Only by stripping out the figurative does he feel he can create the "seedbed" for the return of the figure. And the search is beginning to bear fruit.

"I feel as if it's been manured enough, maybe, just to start bringing them back in. . . What configuration of these [pointing at shapes in the painting] would start to make a hand, or an ear, or a tilted head, or the edge of a shoe?"

THE work of Idris Murphy occupies the ground floor of the Atrium. There, I enter a very different visual world. At first sight, Murphy's and Martin's paintings seem to have little in common. Murphy's are like small firework explosions of colour. They depict landscapes (Australia, Turkey, Scotland) in apparently simple, flat, blocks of colour: a mountain, a tree, a river.

The style seems hurried, broad-brush, even childlike - a stark contrast to Martin's closely read, encrusted canvases. And, of course, they are different. Underlying the approach of each artist, however, are some common themes, the "parallel paths" that Murphy talks about.

For a start, both are trying to find in their painting a new language that moves away from treating nature as an object. Murphy is, and has always been, a man of the out- doors. His father was a forest officer, and he joined him on trips into the Bush.

"The whole Western tradition, from the Renaissance on, has been this very focused, objective way of seeing things," Murphy says. "Living in a country where we find ourselves surrounded by the oldest living culture in the world . . . indigenous art . . . for me, it was an extraordinary reawakening of all those ways of looking at the land."

Martin and Murphy are both seeking to embrace a more relational view. Martin talks about the way in which we tend to "ooh and aah" over picturesque landscapes with a gaze that is almost prurient. But what if we were to become more open and receptive?

"If you are going to enter into that, it means that you have to completely give yourself to it," Martin says. "It's the idea of 'I and Thou'."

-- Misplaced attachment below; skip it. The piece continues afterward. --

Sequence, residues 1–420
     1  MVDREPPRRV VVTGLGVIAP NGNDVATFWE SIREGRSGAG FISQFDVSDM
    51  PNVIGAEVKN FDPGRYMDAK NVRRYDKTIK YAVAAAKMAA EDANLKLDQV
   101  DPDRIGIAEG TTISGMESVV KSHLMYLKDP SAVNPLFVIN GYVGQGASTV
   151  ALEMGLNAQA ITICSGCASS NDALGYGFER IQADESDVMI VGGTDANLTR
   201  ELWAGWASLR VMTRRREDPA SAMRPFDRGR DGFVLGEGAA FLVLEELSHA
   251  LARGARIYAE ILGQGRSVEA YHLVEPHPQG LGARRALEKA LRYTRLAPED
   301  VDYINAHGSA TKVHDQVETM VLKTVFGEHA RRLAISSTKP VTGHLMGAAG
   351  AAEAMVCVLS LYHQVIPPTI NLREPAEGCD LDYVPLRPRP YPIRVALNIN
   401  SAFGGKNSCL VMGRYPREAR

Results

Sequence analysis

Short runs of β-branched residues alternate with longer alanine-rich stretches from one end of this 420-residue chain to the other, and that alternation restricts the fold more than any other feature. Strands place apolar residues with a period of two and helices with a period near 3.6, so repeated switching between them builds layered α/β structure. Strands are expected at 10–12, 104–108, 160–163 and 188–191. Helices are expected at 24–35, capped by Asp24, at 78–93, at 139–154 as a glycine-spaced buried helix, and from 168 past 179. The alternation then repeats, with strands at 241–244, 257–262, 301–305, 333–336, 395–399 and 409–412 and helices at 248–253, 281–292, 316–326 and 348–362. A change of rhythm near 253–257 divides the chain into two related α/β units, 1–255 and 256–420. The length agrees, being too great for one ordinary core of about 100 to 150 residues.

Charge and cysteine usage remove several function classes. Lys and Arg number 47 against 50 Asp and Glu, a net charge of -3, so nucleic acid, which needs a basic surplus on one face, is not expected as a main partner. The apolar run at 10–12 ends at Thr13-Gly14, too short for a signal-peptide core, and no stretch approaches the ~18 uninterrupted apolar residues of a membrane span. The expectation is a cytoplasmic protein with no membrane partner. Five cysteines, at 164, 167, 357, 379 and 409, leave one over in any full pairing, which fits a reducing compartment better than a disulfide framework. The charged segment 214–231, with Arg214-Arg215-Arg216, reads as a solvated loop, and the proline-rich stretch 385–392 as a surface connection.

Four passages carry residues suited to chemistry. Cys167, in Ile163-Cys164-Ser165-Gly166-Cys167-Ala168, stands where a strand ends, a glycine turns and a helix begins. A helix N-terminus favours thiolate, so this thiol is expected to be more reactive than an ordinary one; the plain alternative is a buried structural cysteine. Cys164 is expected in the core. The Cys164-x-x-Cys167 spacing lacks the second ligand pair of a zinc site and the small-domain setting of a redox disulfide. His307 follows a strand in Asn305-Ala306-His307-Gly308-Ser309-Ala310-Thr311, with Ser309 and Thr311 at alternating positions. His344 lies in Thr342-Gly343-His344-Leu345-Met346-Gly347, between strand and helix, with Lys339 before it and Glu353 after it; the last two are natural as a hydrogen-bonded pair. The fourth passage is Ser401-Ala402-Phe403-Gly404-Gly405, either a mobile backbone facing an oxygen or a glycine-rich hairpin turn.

A crucial element for Murphy in grasping this relational view is an insight he gleaned from John V. Taylor's book The Go-between God. "The truth about an object or a person", Murphy says, "is very different from the truth of a person, or an object, or a mountain, or whatever."

MURPHY considers himself fortunate to have been exposed to the art (and landscape) of a non-Western culture, which invites him to see the world in a new way. It was on a visit to the Australian desert that he became acutely aware of the limitations of our single perspective.

"One of my aboriginal mates said 'Come outside' - it was late at night - 'and I'll show you the emu in the sky.' And I said, 'Great, this'll be good.' So, I'm looking up, and I'm trying to connect these white dots, and thinking: How do they make an emu? Is it small, it it large? He says, 'It's big, it's big, keep looking,' and I say, 'I can't get it.'

"He says, 'Ah, you white guys! You're looking at all the little stars connecting up; it's the black shapes in between.' I then could see this huge emu shape. My whole Western thinking was about points, objectivity, lining up things . . . and being a black guy, he's laughing even more at me."

If Murphy's audience approach his paintings "trying to connect the white dots", they are unlikely to see the emu. These are not landscapes fixed in time or season; nor are they representational.

The apparent ease of his broad brush belies careful attention to form and composition. Inspired by Matisse, his use of colour is startling: "I was lucky enough to turn up in parts of the outback where there wasn't a colour you couldn't use - because, eventually, in part of the day it was already there."

Both Martin and Murphy work with a humble sense that what they create is somehow "given". For Murphy, it is is a learned skill to notice that something has been granted to him, and to say "yes" to it. I ask Murphy whether he has a theology for this gift.

"That's a good question. I think artists have understood that, historically. But I think you get good at it; it's not something you can manufacture. Chance is a part of it, and of course the Fathers would call it serendipity. But something happens, and you've got to be ready to acknowledge it. That takes practice."

I wonder about this "something". Murphy laughs: "As a badly practising Christian, I would think this. . . George Steiner speaks of great pictures having a 'real presence'. Whatever makes communication in the world - theologically, I'd say that's God - that's something that makes the response between you, and the picture, you and the mountain, something that is outside you. My pictures are trying to convey some of that."

For Martin, the sacredness is accessible through the discipline of noticing, and committing yourself to nature - as a fellow-subject. With an oblique reference to Psalm 114, he says: "I'm interested to know what it means for mountains to skip." 

"Edgelands" runs until 25 January at Warburton Gallery, 1 India Buildings, Victoria Street, Edinburgh.

For more information visit www.warburtongallery.com, or phone 0753 217 1842.